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Black people 'disproportionately' arrested, struck, shot by police, report finds

Last Updated Aug 10, 2020 at 5:13 pm EDT

A Toronto Police Service cruiser is seen in an undated photo. CITYNEWS/Dilshad Burman

The idea that the Toronto police are less racist than their American counterparts is a “myth,” according to the head of the Ontario Human Rights Commission.

Ena Chadha, the OHRC’s interim chief commissioner, spoke following the release of two reports by Ontario’s human rights commission that found Black people in Toronto are “disproportionately” arrested, charged and subjected to use of force by the city’s police force.

“The likelihood of a Black person being shot by police in Toronto is just as high as for a Black person in the average city in the United States,” said Chadha on Monday. “The time for debate about whether systemic racism or anti-Black racism exists is over.”

The commission’s reports found that Black people are more likely to be “arrested, charged, over-charged, struck, shot or killed by Toronto police.”

It found that despite the fact Black people represent only about 8.8 per cent of the city’s population, they represented almost a third of all charges in the data.

The findings are part of the commission’s second interim report into anti-Black racial profiling and discrimination by the Toronto Police Service. Titled “A Disparate Impact,” the report analyzed Toronto police data from 2013 to 2017.

You can read the full report below:

A Disparate Impact: second interim report on the TPS inquiry by CityNewsToronto on Scribd

“It is incumbent upon us all to re-envision the practices, the policies, the procedures, and importantly, the perceptions that shape policing in our city,” said Chadha. “The disproportionality, and the disparities in the commission report are more than just statistics. They are Black lives and Black Lives Matter.”

University of Toronto criminology professor Scot Wortley, who led the analysis, said the findings warrant “significant reform.” He also noted that Black people were “grossly over-represented” in police use of force and arrest incidents.

“This disparity cannot be explained away by racial differences in criminal history, civilian behaviour towards the police at the time of the incident, civilian weapons use, civilian mental illness, civilian intoxication, or local crime rates,” said Wortley.

The commission launched its inquiry in November 2017, and released its first interim report the following year.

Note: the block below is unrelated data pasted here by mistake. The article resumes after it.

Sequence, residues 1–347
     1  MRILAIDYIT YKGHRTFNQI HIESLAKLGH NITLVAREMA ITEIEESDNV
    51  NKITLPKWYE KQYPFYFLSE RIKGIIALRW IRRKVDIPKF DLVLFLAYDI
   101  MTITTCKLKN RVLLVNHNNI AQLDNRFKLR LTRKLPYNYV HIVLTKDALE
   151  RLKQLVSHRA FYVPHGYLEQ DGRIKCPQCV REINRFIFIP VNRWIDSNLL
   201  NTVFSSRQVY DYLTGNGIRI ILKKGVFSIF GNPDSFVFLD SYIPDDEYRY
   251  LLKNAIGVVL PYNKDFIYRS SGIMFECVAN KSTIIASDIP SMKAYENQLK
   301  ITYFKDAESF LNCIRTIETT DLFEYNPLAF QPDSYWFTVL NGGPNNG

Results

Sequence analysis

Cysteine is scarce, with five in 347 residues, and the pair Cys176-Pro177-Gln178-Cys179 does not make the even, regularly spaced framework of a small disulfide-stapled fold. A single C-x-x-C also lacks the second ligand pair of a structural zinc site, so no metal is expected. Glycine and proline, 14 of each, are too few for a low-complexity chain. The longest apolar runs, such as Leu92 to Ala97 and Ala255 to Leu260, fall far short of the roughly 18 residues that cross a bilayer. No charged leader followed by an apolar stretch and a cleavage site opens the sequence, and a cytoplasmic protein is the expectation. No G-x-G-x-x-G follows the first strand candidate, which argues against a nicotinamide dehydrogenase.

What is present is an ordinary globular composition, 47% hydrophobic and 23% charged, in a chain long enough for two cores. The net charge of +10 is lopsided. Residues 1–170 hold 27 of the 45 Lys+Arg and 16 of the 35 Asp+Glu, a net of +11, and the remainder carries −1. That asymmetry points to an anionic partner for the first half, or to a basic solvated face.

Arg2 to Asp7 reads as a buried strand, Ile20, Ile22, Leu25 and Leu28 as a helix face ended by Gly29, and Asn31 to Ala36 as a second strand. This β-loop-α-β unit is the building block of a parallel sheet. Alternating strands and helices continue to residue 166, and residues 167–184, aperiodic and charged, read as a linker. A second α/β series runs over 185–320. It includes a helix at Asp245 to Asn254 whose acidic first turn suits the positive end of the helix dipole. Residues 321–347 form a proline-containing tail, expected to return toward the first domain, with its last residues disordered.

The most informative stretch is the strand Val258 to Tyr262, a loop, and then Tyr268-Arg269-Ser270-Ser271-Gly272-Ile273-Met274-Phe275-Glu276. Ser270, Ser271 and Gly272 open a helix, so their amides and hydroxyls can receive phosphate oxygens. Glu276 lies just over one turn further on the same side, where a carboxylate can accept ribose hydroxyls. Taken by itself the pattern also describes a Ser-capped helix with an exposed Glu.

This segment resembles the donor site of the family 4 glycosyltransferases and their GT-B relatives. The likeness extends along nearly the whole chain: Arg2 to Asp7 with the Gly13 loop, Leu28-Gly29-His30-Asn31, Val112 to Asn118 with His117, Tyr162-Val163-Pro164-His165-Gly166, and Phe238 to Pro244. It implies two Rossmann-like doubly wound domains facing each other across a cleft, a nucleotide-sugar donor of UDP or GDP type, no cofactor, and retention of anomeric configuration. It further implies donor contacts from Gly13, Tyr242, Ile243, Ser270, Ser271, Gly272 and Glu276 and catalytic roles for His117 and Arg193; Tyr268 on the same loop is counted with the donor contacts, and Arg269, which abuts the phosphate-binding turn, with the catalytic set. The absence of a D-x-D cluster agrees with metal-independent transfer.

The first interim report found that between 2013 and 2017, a Black person in Toronto was 20 times more likely to be shot and killed by police than a white person.

In examining reports by the province’s police watchdog, the Special Investigations Unit, the inquiry also found that officers sometimes lacked a legal basis for stopping or detaining Black people, searched them without justification and made unnecessary arrests and laid unnecessary charges.

“We don’t have an information problem, we have an accountability problem when it comes to policing within this city,” said Anthony Morgan, a lawyer who is also the manager of the City of Toronto’s Confronting Anti-Black Racism Unit.

Morgan noted that the reports’ effectiveness will be determined by how accountable public policy makers are in their wake and what changes are made within Toronto’s criminal and justice system.

The force and the city’s police services board issued a joint statement on Monday that said they accepted recommendations contained in the report, and later began collecting race-based data at the commission’s request.

Solicitor General Sylvia Jones said that Ontario has been “very active in doing things already” by increasing investment in community mental health and addiction resources, which she said account for 40 per cent of calls to emergency services.

“At the end of the day, when someone calls 911 they need to know that a police officer will show up at their door,” said Jones. “But is there an opportunity for other community agencies to do more? Absolutely.”

The Toronto Police Service is among many departments facing renewed scrutiny for their interactions with people of colour.

The police killing of George Floyd in Minneapolis in May sparked protests and calls to defund police services in the United States, Canada and around the world. Floyd died as a police officer pressed a knee against his neck for nearly nine minutes.

In Toronto, protesters also pointed to the death of Regis Korchinski-Paquet, a 29-year-old Black woman who fell to her death from a balcony while police were in her apartment. Critics have called for reform in how mental health calls are treated in the city.

Korchinski-Paquet’s family has said they wanted her to be taken to a mental health facility, while officers said they were responding to a call about a possible assault.

The SIU is probing the circumstances surrounding her death, and has said a report could come as early as this month.